SynopsisCodesLook ForDiagnostic PearlsDifferential Diagnosis & PitfallsBest TestsManagement PearlsTherapyDrug Reaction DataReferences

Information for Patients

View all Images (120)

Other Resources UpToDate PubMed

Alopecia areata in Adult

See also in: External and Internal Eye,Hair and Scalp,Nail and Distal Digit
Contributors: Vivian Wong MD, PhD, Sarah N. Robinson MD, Belinda Tan MD, PhD, Susan Burgin MD
Other Resources UpToDate PubMed


Alopecia areata is a T lymphocyte-mediated autoimmune disease of the hair follicle resulting in nonscarring hair loss. Most cases are limited to 1 or 2 small patches of alopecia that involve the scalp, eyebrows, eyelashes, or body hair, but in severe cases, all hair on the scalp is lost (alopecia totalis) or all scalp and body hair is lost (alopecia universalis). History of sudden onset is characteristic.

Alopecia areata is seen equally in both sexes and in patients of all ages, races, and ethnicities. There is an increased incidence of alopecia areata in patients with Down syndrome as well as those with autoimmune diseases, most commonly thyroid disease. Patients with alopecia areata are also more likely to have atopy, and its presence is felt to be a poor prognostic indicator.

While medication-induced alopecia areata has been uncommon in the literature, there have been articles published reporting an association with some medications, including the TNF inhibitors adalimumab, etanercept, and infliximab. Other more recently described culprit agents include proton pump inhibitors and immune checkpoint inhibitors (CTLA-4, PD-1) that are used to treat malignancies. Alopecia areata following COVID-19 infection and vaccination has also been reported. 

The course of alopecia areata is unpredictable, with wide variation in duration and extent of disease occurring from patient to patient. In most patients, hair will eventually spontaneously regrow, although recurrences are common. The condition is treatable but cannot be cured.

In one retrospective study of 321 patients, temporal area involvement was independently associated with worse prognosis (in addition to extent of hair loss).

A 2022 retrospective population-based study in Taiwan showed an increase in retinal diseases among 9909 patients with alopecia areata. The disease extent and prior steroid treatment were not commented on; further studies are needed to confirm an association.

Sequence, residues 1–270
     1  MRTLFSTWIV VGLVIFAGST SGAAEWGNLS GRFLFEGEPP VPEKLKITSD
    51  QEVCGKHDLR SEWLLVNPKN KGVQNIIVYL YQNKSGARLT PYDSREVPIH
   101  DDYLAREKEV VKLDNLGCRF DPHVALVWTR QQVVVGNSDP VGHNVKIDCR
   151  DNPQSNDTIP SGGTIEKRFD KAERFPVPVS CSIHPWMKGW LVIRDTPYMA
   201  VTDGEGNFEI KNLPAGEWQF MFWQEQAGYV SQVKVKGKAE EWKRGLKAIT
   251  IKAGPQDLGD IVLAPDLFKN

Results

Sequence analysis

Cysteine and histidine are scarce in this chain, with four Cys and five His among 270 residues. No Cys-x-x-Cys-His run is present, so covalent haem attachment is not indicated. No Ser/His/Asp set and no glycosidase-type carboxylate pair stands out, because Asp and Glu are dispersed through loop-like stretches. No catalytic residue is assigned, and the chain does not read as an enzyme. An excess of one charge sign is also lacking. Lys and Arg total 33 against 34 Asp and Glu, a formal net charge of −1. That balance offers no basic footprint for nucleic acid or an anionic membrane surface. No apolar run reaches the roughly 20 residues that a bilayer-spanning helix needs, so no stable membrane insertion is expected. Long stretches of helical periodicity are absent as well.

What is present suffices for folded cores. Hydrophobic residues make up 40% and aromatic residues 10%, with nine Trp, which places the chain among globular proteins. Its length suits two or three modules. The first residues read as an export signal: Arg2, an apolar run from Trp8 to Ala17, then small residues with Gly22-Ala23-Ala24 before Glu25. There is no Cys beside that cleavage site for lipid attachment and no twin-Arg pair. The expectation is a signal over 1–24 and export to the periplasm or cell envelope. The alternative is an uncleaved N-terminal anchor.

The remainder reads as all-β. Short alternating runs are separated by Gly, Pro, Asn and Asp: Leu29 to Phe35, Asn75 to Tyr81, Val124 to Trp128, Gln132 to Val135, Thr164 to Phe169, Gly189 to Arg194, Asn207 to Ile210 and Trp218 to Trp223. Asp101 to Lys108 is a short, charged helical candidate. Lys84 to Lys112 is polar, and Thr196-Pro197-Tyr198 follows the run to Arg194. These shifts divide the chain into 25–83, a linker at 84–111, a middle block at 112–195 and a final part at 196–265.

L63.9 – Alopecia areata, unspecified

68225006 – Alopecia areata

Look For

Subscription Required

Diagnostic Pearls

Subscription Required

Differential Diagnosis & Pitfalls

  • Trichotillomania, from the twisting and pulling of hair, may mimic alopecia areata. Hair is broken off at varying lengths.
  • Telogen effluvium from nutritional, hormonal, and drug etiologies can lead to large clumps of hair loss in a similar fashion to alopecia areata. The loss is diffuse, not localized.
  • Tinea capitis has hair loss accompanied by scale and inflammation.
  • Secondary syphilis can result in diffuse patchy alopecia.
  • Androgenetic alopecia – Male pattern alopecia or Female pattern alopecia pattern
Scarring alopecia:
  • Pseudopelade
  • Central centrifugal cicatricial alopecia
  • Traction alopecia
  • Folliculitis decalvans

Best Tests

Subscription Required

Management Pearls

Subscription Required


Subscription Required

Drug Reaction Data

Below is a list of drugs with literature evidence indicating an adverse association with this diagnosis. The list is continually updated through ongoing research and new medication approvals. Click on Citations to sort by number of citations or click on Medication to sort the medications alphabetically.

Subscription Required


Subscription Required

Last Reviewed:01/21/2024
Last Updated:01/21/2024
Copyright © 2024 VisualDx®. All rights reserved.
Patient Information for Alopecia areata in Adult
Contributors: Medical staff writer
Premium Feature
VisualDx Patient Handouts
Available in the Elite package
  • Improve treatment compliance
  • Reduce after-hours questions
  • Increase patient engagement and satisfaction
  • Written in clear, easy-to-understand language. No confusing jargon.
  • Available in English and Spanish
  • Print out or email directly to your patient
Copyright © 2024 VisualDx®. All rights reserved.
Alopecia areata in Adult
See also in: External and Internal Eye,Hair and Scalp,Nail and Distal Digit
A medical illustration showing key findings of Alopecia areata (General) : Sparse eyebrows, Eyelash loss, Eyebrows
Clinical image of Alopecia areata - imageId=3997565. Click to open in gallery.  caption: 'A smooth round patch of nonscarring alopecia on the occipital scalp with early hair regrowth after intralesional steroid injection.'
A smooth round patch of nonscarring alopecia on the occipital scalp with early hair regrowth after intralesional steroid injection.
Copyright © 2024 VisualDx®. All rights reserved.